SharePoint CAML IntelliSense

So you’ve been having some pain trying to put IntelliSense into your frequent CAML (Collaborative Application Markup Language) files. For every new XML file you create, you have to go to its properties and then point to the target schema located at ../TEMPLATE/XML/wss.xsd.

If you don’t know what I mean, usually, in order to display IntelliSense in an XML file opened through Visual Studio, we must link the XML file to an XSD. This is done by going to the file properties and linking to the XSD every time we open the XML file in Visual Studio.

One way to avoid having to link to the XSD every time, is to add the file(s) to a Visual Studio project. However, what if you create CAML files so frequently that you don’t want to add them to a Visual Studio project every time?

The best solution would be to load the XSD whenever a new XML file referencing it is opened; and I have the steps to do that!

Under the Schemas folder of the Visual Studio installation folder (Ex: C:\Program Files\Microsoft Visual Studio 9.0\Xml\Schemas), there is a file named Catalog.xml.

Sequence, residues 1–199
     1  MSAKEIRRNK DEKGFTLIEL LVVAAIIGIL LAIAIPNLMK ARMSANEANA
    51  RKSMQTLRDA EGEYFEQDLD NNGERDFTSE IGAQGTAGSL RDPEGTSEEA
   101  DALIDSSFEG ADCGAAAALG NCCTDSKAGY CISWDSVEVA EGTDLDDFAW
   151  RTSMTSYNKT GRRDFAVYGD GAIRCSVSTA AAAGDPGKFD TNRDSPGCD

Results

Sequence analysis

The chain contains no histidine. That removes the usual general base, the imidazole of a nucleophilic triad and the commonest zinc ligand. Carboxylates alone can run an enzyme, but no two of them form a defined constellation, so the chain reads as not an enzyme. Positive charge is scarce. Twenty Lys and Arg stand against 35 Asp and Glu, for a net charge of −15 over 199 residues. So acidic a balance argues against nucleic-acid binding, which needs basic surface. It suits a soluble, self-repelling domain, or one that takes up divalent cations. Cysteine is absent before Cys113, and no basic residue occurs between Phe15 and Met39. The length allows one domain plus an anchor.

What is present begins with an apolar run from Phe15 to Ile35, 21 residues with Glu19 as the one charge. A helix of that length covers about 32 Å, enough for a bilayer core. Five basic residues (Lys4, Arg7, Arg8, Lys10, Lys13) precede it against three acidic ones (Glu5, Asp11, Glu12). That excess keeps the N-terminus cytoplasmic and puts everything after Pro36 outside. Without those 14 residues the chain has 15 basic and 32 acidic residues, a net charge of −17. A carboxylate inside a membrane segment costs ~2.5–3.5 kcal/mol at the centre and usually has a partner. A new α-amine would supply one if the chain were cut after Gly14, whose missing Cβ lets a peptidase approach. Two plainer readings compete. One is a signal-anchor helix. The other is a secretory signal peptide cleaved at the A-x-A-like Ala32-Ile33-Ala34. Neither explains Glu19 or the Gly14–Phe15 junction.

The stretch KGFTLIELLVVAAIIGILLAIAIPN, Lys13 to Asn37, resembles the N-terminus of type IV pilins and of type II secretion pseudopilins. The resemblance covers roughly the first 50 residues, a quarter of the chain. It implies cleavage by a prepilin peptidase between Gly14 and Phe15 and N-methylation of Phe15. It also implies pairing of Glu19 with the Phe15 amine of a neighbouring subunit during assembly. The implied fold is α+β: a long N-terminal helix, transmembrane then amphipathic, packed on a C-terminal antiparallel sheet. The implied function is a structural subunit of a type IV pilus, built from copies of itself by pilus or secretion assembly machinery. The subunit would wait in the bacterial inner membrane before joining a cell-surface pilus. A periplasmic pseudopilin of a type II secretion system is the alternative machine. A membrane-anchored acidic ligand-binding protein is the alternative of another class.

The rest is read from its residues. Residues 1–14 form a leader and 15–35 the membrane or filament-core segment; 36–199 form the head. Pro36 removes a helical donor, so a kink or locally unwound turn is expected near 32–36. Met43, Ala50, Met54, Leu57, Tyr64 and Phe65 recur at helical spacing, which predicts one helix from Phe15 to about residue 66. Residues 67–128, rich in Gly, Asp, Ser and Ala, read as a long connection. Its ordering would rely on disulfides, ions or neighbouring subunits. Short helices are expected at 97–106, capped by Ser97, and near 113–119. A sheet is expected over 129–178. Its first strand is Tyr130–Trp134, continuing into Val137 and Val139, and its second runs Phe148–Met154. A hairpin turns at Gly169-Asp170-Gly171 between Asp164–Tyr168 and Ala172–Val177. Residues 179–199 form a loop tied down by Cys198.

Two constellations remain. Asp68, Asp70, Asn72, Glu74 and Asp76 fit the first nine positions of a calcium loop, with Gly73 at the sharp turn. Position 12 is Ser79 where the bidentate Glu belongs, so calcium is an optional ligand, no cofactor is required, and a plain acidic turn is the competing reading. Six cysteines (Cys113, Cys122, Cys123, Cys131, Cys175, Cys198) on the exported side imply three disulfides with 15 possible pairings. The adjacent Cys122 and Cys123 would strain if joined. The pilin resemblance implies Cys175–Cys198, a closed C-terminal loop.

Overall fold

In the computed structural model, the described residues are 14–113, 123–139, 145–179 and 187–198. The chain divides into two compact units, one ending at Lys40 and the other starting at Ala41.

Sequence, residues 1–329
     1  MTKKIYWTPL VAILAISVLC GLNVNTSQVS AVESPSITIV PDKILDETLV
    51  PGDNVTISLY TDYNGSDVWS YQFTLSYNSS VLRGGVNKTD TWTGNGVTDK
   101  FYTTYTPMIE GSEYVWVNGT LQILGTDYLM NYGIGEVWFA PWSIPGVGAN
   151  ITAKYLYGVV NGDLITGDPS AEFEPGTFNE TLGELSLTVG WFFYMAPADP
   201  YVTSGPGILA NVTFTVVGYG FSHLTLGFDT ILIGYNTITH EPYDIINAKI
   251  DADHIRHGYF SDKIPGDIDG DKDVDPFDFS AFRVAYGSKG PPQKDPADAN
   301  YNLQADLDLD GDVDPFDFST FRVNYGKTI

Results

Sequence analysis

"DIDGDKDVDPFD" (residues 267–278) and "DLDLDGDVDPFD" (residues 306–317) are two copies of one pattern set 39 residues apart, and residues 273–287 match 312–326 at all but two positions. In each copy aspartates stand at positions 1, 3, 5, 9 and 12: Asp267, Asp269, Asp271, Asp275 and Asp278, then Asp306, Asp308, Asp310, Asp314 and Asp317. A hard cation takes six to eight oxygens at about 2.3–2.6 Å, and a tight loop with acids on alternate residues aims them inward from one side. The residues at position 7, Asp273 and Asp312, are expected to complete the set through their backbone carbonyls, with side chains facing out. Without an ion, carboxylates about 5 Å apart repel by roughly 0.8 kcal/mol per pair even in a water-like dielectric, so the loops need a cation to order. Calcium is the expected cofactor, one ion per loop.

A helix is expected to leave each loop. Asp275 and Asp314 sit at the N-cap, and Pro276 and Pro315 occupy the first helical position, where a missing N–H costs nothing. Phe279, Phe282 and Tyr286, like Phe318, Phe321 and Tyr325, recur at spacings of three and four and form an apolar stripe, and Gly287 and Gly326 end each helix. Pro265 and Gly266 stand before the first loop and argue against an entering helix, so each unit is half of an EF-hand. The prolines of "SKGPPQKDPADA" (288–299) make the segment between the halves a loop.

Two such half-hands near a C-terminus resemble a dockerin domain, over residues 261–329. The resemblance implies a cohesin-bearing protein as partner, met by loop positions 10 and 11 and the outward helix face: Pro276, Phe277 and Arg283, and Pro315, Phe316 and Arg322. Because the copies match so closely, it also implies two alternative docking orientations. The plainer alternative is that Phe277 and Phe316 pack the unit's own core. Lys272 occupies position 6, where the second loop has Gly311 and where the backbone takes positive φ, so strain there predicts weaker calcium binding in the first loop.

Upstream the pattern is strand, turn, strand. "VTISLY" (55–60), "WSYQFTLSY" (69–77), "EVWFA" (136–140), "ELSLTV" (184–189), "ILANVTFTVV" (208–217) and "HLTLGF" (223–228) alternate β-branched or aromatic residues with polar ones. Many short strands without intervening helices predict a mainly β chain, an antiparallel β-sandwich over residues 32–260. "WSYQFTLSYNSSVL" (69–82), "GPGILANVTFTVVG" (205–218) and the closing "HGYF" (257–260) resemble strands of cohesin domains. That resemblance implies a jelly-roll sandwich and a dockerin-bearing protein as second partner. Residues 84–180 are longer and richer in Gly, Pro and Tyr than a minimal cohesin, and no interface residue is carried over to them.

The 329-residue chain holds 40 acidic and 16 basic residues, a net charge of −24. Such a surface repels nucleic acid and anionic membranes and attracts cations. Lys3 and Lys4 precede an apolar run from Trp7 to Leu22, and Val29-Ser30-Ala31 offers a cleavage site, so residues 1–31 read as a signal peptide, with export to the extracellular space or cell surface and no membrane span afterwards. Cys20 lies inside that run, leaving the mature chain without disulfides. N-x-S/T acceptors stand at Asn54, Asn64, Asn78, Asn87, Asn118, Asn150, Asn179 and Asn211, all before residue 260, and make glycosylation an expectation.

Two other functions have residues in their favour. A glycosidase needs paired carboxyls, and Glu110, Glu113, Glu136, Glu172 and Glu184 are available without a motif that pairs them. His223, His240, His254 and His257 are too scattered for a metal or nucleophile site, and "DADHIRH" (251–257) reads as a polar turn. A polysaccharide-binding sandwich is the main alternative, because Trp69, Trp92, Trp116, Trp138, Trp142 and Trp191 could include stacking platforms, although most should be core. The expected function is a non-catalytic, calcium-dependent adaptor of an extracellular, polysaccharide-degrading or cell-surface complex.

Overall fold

Reference wss.xsd from it by adding the following tag:

Make sure that href is pointing to the correct location of the wss.xsd file.

<Schema href="C:/Program Files/Common Files/Microsoft Shared/Web Server Extensions/12/TEMPLATE/XML/wss.xsd" targetNamespace="" />


Ali B

OpenGL Geometric Primitives

The purpose of this interactive program is to make it easier to learn OpenGL Geometric Primitives. There are ten geometric primitives in OpenGL, from a point to a polygon, and all are represented by vertices. This program will give you the flexibility to add and remove vertices in a certain order, and shows you how the choice of the primitive determines how the vertices are to be combined. It can be used in the following ways:

  • Learn OpenGL Geometric Primitives through
    • Interactive Program
    • Source Code
    • Documentation
  • Learn some OpenGL functions designed to work with geometric primitives